A very interesting property of BNs is the fact that the joint probability distribution of all variables can be expressed as the product of these conditional distributions chain rule : P X 1 , Once a BN is learned it is possible to use it to perform probabilistic inference, i. A BN can thus be employed for classification purposes, allowing the prediction of the most probable value for a class node once the values of some attributes are known.
In the following of this section we describe how we employ CTs to generate meta-variables and how we learn BNs on the generated variables. There are different available algorithms to learn a classification tree from a dataset. Partitioning algorithms recursively split the tree by choosing the "most informative" attribute, i. These algorithms usually implement some "pruning" strategies, i. Pruning helps avoiding overfitting and thus helps improving the tree's ability to classify new instances not used to generate the tree. CTs allow us to find rules to assign state values to meta-variables.
Our procedure is performed with the following steps:. Learn a classification tree using the phenotype to be forecast as class and the set S i as attributes. To this aim, we employed the C4. Apply minimal error pruning with m-estimate [ 10 ] and equal prior probability for each class. Check the total number of meta-variable states that remain after pruning steps a and b: if there are more than 5 states, cut the subtree with the lowest number of instances. Create a discrete variable G i with states corresponding to the leaves of the final pruned tree.
As an example, suppose having a gene C represented by two SNPs C1 and C2 , each taking three possible values "AA" and "BB" stand for homozygous for the minor allele, "Aa" and "Bb" stand for heterozygous, "aa" and "bb" for homozygous for the major allele. Suppose also that the classification tree corresponding to gene C is shown in Figure 2. The classification trees were learned using the software Orange [ 11 ]. Learning BNs can be approached as a model selection problem, in which different network models are compared on the basis of their posterior probability with respect to the available data.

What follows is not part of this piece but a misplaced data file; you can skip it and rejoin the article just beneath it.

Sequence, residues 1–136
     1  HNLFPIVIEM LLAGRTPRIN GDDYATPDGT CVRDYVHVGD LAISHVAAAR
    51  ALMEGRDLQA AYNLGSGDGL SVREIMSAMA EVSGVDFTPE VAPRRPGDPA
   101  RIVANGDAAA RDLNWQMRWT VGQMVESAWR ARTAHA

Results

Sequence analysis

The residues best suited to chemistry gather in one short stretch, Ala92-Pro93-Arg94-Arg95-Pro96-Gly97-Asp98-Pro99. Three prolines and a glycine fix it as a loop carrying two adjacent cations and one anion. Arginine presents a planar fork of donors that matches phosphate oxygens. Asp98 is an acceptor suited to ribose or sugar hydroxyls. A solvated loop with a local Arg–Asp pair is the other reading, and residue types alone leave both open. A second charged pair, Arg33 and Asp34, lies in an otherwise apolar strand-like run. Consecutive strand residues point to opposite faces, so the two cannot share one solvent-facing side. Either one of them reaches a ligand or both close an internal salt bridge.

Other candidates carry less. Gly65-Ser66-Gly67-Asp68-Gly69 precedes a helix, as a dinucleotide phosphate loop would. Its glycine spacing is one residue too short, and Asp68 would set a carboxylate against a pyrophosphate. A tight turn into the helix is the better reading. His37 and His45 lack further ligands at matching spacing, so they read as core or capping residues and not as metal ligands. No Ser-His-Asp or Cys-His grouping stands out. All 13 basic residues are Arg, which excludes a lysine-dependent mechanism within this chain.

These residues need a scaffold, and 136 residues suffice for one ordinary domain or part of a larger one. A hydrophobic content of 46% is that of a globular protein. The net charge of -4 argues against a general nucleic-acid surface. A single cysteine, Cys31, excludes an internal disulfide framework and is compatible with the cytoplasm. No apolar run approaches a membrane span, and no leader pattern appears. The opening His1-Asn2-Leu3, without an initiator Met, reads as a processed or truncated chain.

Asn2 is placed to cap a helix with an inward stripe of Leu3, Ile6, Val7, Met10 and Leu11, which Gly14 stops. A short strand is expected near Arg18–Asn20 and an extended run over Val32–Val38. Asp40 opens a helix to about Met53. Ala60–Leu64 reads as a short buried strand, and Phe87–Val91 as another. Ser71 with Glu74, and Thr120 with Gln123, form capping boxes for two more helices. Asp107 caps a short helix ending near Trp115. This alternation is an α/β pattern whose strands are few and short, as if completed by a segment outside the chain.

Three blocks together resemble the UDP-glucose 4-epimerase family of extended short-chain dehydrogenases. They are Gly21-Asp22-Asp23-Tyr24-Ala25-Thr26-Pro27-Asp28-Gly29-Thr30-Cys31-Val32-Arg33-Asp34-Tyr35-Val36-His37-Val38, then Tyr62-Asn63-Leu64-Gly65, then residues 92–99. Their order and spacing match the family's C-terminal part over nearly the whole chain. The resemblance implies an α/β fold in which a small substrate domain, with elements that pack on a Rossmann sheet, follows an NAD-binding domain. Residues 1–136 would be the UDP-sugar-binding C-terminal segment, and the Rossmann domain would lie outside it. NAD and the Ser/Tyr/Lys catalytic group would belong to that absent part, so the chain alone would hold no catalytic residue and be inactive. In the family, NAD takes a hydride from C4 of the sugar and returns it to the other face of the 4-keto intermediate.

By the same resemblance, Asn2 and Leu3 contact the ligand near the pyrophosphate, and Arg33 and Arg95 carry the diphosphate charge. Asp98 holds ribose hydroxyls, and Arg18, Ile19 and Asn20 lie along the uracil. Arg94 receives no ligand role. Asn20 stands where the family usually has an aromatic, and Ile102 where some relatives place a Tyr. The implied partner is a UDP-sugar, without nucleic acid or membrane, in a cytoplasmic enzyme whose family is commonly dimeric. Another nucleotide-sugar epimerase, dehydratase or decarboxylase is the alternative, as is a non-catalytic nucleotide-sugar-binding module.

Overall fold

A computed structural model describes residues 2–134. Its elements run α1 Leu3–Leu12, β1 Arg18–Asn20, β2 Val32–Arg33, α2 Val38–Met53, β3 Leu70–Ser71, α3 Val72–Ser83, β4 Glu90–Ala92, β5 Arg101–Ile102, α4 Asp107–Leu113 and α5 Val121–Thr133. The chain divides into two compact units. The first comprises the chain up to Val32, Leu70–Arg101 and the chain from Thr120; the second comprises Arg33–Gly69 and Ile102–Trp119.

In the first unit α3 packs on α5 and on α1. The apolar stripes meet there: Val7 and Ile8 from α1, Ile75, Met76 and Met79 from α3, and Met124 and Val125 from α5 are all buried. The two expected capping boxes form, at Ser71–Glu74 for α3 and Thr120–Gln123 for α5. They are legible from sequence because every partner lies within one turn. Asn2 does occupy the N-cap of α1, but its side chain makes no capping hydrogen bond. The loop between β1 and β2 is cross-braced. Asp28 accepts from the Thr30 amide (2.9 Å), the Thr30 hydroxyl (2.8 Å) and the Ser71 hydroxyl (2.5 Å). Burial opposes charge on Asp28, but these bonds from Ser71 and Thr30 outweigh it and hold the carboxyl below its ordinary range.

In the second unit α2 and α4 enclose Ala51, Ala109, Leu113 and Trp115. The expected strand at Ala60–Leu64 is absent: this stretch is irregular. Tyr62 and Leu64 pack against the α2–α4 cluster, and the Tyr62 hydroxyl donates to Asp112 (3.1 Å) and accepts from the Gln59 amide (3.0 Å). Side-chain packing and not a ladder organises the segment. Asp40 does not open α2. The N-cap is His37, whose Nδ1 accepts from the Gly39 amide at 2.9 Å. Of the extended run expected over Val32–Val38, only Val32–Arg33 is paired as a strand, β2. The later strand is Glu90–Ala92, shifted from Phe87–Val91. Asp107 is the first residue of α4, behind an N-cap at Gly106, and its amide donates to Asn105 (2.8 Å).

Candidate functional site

Thanks to the decomposability of the joint probability of all variables, the network with highest posterior can be learned by learning local models, i. However, the number of possible models to be explored grows exponentially with respect to the number of candidate parents. For this reason, an exhaustive search is unfeasible and a heuristic strategy must be employed. An effective one is the greedy search strategy known as K2 algorithm [ 12 ].
This algorithm requires the specification of an ordering of the analyzed variables, so that the parents of each variable are searched only among those variables that precede it in the ordering. We decided to use the gain ratio of variables i.
In this way, variables with higher gain ratio were tested as parents of those with lower ratios. Moreover, we focused on networks in which the genotypes are dependent on the phenotype, in accordance with Sebastiani et al. In order to infer BNs from data we employed the software Bayesware Discoverer [ 13 ], which implements the K2 algorithm for the search. We applied our approach to data coming from a genome-wide scan on individuals affected by arterial hypertension AH and nonagenarians without history of AH. Arterial hypertension is considered a polygenic disease, resulting from the combination of a number of genetic risk factors, whose expression depends on their interaction with environmental factors such as high dietary intake of sodium, alcohol, obesity and stress [ 14 ].